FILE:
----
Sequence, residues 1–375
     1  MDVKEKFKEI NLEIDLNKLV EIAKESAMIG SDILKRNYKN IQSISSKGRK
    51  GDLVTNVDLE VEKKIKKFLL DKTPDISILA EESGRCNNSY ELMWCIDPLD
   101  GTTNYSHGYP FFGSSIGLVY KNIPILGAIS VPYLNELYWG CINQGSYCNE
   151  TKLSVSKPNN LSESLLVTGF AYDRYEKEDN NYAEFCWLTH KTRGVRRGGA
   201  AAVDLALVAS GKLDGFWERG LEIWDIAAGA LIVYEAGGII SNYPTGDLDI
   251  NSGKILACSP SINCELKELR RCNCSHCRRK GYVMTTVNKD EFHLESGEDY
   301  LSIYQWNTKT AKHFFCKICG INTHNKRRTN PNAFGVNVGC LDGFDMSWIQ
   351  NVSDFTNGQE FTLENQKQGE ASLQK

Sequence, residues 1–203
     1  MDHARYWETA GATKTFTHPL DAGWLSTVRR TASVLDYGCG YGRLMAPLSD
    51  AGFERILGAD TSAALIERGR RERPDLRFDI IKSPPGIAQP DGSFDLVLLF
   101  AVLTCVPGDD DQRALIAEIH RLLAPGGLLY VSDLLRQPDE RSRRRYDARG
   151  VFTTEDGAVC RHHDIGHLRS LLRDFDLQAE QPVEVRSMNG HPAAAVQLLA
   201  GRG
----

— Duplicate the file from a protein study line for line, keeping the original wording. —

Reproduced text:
Sequence, residues 1–375
     1  MDVKEKFKEI NLEIDLNKLV EIAKESAMIG SDILKRNYKN IQSISSKGRK
    51  GDLVTNVDLE VEKKIKKFLL DKTPDISILA EESGRCNNSY ELMWCIDPLD
   101  GTTNYSHGYP FFGSSIGLVY KNIPILGAIS VPYLNELYWG CINQGSYCNE
   151  TKLSVSKPNN LSESLLVTGF AYDRYEKEDN NYAEFCWLTH KTRGVRRGGA
   201  AAVDLALVAS GKLDGFWERG LEIWDIAAGA LIVYEAGGII SNYPTGDLDI
   251  NSGKILACSP SINCELKELR RCNCSHCRRK GYVMTTVNKD EFHLESGEDY
   301  LSIYQWNTKT AKHFFCKICG INTHNKRRTN PNAFGVNVGC LDGFDMSWIQ
   351  NVSDFTNGQE FTLENQKQGE ASLQK

Sequence, residues 1–203
     1  MDHARYWETA GATKTFTHPL DAGWLSTVRR TASVLDYGCG YGRLMAPLSD
    51  AGFERILGAD TSAALIERGR RERPDLRFDI IKSPPGIAQP DGSFDLVLLF
   101  AVLTCVPGDD DQRALIAEIH RLLAPGGLLY VSDLLRQPDE RSRRRYDARG
   151  VFTTEDGAVC RHHDIGHLRS LLRDFDLQAE QPVEVRSMNG HPAAAVQLLA
   201  GRG